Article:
The VW Polo LS

Everybody’s doing it—comparing the new Ford Fiesta with other little cars, the VW Polo in particular. I admit that driving a Fiesta. Made me think of Polo. And I must say Tony Hill of Volkswagen (GB) Ltd. did a fine piece of PR work. I rang him about 11 o’clock one morning, to fix a test. He had a car just back from test by another paper, had it checked over, gave me the all-clear before lunch,and it was at the Motor Sport offices before 4 that afternoon. I then drove it some 200 miles that evening. It was the 1,093 c.c. LS, so was not strictly comparable with the 957 c.c. Fiesta L I had sampled. But it was difficult not to do this. Polo has softer suspension than Fiesta, so the Ford sits on the road better and is thus more fun to fling about. Not that you cannot corner very fast and safely in a Polo. The seats in the Fiesta, although smaller, seemed more comfortable, at least until I had adjusted the Polo’s seat-squab so that it did not hurt the small of my back. The Polo had a nicer clutch action and certainly a nicer ride over rough stuff. Its high-grade interior decor, the precision of its controls, and the quality of keys and fittings, etc., reminded me of my once-beloved Beetle—you had to open a window before shutting a door, as on the old well-sealed VW.

Where the Polo really scores is in respect of the surprisingly low noise-level of its engine. The 5-bearing, light-alloy o.h.c. power pack runs with turbine-like smoothness and more sound emanates from the tyres, 13 in. radial-ply tubeless Metzeler Soper Steels on the test car, than from this incredible little engine. The gear-change hasn’t quite the velvet of some of the Fiesta’s movements but is very good. It used to be said that the hall-mark of a big car was that it should feel small to its driver. Conversely, a good small-Car should give an impression of size, which the VW Polo does, although in what they call the Super-Mini class, It seems bigger. more of a class-car, than the Fiesta. It is indeed surprising how effortless and capacious the modern Super-Minis are, making them quite painless for even long journeys. Perhaps it is time for a new generation of genuine small cars, like the Fiat 126 and Citroen 2cv but less pedestrian ? The Polo has been criticised because of the sill to the base of its tailgate Opening. Unless you indulge in regular heavy haulage with your private car, I cannot see that this matters, much and certainly the VW has a more sophisticated third-door action than the Ford. But I would have liked a temperature-gauge on the facia, as on the Fiesta. But if comparisons have to be made one must take into account the Fiesta’s lower insurance rating and cheaper spares, set against the price of both cars and the cost of VW spares. An exhausting exercise, which makes me glad I am not in the market for either. You would need to weigh up the price of essential extras on both cars and set the 10,000 Polo service periods against the Fiesta’s 6,000 miles… .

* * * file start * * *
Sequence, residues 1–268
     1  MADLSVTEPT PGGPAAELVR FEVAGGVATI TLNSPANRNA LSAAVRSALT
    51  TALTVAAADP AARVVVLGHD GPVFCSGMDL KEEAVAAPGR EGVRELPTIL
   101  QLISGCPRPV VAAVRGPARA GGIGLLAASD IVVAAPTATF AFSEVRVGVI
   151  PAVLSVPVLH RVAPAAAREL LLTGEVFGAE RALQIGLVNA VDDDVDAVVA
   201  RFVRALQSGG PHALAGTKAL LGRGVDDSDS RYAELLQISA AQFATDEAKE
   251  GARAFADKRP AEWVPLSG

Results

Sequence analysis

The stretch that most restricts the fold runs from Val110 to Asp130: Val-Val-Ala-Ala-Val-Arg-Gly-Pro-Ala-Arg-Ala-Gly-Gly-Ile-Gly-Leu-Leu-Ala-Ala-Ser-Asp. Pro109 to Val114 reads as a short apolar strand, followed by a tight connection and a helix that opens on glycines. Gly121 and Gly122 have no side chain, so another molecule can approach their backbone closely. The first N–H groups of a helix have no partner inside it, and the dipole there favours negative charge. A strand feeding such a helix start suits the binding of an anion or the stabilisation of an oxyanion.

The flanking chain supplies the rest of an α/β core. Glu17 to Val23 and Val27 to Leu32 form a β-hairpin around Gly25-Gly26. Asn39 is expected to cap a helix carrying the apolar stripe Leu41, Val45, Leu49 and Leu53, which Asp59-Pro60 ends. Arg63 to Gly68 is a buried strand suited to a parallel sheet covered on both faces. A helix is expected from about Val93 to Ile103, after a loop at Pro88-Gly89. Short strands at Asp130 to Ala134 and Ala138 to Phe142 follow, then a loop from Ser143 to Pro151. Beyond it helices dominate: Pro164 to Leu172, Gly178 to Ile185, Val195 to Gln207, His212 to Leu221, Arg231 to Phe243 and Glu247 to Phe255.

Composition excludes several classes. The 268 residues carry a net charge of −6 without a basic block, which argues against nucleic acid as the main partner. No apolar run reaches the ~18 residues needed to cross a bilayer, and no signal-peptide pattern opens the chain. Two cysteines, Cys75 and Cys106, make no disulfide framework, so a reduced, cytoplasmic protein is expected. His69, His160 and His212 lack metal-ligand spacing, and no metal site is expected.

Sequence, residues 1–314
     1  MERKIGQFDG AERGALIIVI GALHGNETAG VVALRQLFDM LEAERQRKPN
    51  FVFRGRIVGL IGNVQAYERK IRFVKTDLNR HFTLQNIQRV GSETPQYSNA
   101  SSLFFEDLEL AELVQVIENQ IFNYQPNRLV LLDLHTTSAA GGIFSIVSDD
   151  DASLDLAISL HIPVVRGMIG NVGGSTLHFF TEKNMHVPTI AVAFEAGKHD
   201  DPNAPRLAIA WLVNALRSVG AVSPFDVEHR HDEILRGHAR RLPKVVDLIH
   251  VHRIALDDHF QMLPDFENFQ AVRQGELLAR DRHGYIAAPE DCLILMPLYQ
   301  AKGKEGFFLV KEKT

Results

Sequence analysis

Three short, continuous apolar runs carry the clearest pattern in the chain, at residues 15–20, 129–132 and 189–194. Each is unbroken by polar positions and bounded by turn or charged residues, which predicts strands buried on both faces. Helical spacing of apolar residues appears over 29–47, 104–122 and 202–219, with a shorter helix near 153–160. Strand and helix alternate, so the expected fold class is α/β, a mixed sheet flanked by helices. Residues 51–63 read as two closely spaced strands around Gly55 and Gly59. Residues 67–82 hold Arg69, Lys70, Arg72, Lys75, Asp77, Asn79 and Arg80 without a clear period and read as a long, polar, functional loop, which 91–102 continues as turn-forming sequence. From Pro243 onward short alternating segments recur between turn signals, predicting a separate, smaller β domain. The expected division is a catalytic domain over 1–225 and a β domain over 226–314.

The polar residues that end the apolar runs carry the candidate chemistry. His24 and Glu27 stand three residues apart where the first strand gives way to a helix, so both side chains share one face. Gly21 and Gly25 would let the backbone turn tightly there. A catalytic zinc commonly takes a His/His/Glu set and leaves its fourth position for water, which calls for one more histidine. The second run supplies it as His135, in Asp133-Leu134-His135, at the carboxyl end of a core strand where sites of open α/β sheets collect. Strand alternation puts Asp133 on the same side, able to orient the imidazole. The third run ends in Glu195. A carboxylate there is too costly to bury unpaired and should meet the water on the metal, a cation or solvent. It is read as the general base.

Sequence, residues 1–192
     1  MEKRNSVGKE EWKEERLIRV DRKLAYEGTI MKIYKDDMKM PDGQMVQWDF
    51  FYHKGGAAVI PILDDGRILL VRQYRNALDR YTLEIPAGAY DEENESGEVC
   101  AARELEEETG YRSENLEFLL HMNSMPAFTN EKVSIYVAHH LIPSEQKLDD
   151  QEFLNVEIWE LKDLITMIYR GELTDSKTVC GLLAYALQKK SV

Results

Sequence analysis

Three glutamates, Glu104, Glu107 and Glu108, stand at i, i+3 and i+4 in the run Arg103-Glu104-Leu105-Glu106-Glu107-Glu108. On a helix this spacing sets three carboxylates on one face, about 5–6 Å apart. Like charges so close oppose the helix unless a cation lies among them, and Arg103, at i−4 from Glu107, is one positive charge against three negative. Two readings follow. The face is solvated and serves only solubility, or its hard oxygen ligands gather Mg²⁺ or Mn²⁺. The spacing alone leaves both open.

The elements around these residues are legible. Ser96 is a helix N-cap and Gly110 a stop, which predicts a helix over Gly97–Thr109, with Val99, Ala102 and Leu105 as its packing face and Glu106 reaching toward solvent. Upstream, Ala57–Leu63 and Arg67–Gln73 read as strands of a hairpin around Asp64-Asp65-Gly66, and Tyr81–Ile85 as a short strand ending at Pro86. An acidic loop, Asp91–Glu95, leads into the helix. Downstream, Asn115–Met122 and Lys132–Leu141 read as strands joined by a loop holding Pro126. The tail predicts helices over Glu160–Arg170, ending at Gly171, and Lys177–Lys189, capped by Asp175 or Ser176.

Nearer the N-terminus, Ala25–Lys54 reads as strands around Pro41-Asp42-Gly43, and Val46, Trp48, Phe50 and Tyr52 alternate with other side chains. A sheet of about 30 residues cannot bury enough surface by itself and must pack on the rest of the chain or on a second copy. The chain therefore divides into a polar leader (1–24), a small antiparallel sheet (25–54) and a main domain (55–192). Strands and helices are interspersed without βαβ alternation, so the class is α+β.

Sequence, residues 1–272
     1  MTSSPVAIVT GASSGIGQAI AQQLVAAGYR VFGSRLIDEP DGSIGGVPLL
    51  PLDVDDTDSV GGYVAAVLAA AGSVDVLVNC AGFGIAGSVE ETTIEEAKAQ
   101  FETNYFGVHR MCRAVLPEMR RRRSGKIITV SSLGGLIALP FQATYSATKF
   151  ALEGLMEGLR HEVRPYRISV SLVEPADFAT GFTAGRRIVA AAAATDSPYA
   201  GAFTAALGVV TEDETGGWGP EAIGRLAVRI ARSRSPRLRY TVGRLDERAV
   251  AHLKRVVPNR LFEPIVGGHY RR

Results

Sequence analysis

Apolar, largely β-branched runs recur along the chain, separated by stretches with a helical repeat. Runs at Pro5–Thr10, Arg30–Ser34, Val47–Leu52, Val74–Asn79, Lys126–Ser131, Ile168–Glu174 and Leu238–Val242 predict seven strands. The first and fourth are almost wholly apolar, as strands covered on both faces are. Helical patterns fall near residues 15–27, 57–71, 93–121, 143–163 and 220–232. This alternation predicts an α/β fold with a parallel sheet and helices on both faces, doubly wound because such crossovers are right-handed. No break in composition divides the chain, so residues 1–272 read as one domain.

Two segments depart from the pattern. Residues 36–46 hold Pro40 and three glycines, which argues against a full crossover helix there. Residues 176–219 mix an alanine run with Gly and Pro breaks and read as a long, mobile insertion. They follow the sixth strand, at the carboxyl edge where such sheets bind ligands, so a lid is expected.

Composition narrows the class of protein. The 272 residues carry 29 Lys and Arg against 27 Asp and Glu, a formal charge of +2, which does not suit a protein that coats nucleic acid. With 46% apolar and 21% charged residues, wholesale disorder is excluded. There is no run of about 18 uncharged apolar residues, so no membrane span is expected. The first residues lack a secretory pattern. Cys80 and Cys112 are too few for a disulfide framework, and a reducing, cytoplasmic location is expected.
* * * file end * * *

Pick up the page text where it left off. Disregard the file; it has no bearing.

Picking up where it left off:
I will just say that I found the £2,499 VW Polo an extremely good small-car. It gave 38.2 .m.p.g. of 2-star fuel, Which enables one to view the next fuel crisis with equanimity. It was a delight to drive and occupy, and so refined that, in spite of its dimensions, modest engine size and economy, it could well represent a thoroughly satisfactory first-car for many owners. The test car had a tow-hook for a 650 kg, trailer, to show this car can also be quite a workhorse. Perhaps I should now go out in a Fiesta Ghia.—W.B.